Hexvessel on Facebook

Svart Records website

Godsground, A Bewildered Mind

Godsground A Bewildered Mind

Bookended by its two longest songs in “Drink Some More” (8:44) and closer “Letter Full of Wine” (9:17), Munich-based troupe Godsground offer seven songs with their 47-minute third long-player, working quickly to bask in post-Alice in Chains melodies surrounded by a warmth of tone that could just as easily be derived from hometown heroes in Colour Haze as the likes of Sungrazer or anyone else, but there’s more happening in the sound than just that. The melodies reach out and the songs develop on paths so that “Balance” is a straight-up desert rocker where seven-minute centerpiece “Into the Butter” sounds readier to get weird. They are well at home in longer forms, flashing a bit of metal in teh later solo of the penultimate “Non Reflecting Mirror,” but the overarching focus on vocal melody grounds the material in its lyrics, and that helps stabilize some of the more out-there aspects. With the roller fuzz of “A Game of Light” and side B’s flow-into-push “Flood” finding space between all-out go and the longer songs’ willingness to dwell in parts, Godsground emerge from the collection with a varied style around a genre center that’s maybe delighted not to pick a side when it comes to playing toward this or that niche. There’s some undercurrent of doom — though I’ll admit the artwork had me looking for it — but Godsground are more coherent than bewildered, and their material unfolds with intent to immerse rather than commiserate.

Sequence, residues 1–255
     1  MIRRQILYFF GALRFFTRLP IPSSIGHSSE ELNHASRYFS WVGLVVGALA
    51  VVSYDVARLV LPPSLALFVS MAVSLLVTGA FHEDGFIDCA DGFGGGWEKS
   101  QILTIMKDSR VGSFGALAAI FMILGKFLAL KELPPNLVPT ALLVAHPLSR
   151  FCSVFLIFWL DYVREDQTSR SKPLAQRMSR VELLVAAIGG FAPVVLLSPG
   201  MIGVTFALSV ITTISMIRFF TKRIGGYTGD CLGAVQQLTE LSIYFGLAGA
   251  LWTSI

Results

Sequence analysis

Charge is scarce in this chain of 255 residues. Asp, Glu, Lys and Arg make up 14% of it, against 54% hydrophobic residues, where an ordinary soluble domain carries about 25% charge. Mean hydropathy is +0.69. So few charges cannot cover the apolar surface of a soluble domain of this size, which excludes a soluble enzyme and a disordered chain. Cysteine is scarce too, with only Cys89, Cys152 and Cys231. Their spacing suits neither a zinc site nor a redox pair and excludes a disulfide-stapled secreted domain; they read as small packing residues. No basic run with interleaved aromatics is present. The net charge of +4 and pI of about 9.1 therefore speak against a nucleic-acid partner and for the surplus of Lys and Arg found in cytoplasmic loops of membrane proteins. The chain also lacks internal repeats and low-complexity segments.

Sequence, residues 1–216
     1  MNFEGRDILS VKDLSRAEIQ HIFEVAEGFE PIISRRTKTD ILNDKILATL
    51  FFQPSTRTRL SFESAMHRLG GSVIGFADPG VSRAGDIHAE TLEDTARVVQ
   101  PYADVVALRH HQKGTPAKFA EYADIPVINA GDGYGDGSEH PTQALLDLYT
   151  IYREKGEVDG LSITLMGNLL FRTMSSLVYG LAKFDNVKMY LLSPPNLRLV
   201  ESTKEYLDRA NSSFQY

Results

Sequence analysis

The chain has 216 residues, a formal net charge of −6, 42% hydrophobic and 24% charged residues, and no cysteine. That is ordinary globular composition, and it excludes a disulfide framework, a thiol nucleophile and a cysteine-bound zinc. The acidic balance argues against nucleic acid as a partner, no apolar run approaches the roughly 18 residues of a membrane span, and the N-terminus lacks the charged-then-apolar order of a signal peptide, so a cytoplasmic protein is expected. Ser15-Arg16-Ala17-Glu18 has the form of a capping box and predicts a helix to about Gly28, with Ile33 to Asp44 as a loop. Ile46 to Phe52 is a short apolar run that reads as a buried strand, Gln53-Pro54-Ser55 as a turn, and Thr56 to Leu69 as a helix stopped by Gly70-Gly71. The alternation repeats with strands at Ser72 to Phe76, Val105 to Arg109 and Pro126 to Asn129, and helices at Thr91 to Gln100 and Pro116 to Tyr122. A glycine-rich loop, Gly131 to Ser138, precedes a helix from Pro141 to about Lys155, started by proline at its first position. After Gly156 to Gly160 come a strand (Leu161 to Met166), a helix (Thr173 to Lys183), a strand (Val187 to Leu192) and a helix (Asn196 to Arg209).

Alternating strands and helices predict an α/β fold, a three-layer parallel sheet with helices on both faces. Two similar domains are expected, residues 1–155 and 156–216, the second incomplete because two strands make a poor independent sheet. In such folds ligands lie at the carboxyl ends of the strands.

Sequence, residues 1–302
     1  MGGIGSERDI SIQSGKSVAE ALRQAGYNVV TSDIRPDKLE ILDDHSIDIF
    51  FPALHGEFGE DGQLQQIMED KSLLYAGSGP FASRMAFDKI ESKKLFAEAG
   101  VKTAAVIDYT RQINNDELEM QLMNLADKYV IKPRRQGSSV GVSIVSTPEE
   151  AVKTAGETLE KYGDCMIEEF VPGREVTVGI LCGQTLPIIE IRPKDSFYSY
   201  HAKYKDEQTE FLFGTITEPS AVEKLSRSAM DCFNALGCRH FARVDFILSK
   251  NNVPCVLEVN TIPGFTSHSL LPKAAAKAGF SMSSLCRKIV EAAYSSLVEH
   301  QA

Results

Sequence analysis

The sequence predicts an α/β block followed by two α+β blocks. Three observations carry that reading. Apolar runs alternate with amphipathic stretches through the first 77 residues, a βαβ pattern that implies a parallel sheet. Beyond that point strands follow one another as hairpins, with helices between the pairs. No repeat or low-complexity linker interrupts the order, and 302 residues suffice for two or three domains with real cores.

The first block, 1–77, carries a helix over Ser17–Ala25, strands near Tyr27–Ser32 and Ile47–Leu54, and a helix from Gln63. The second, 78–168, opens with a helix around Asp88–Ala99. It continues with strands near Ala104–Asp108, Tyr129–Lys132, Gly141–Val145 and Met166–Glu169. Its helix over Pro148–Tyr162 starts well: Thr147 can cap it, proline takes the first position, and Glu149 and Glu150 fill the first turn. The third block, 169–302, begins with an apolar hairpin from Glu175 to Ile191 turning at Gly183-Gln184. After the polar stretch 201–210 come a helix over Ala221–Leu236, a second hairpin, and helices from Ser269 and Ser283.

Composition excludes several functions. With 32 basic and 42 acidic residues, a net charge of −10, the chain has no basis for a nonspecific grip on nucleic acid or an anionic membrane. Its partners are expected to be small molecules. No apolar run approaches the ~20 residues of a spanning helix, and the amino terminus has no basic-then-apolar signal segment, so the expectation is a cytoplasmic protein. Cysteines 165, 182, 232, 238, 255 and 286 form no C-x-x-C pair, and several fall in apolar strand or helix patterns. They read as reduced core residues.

Godsground Linktr.ee

Godsground on Bandcamp

Sleep Maps, Reclaim Chaos

sleep maps reclaim chaos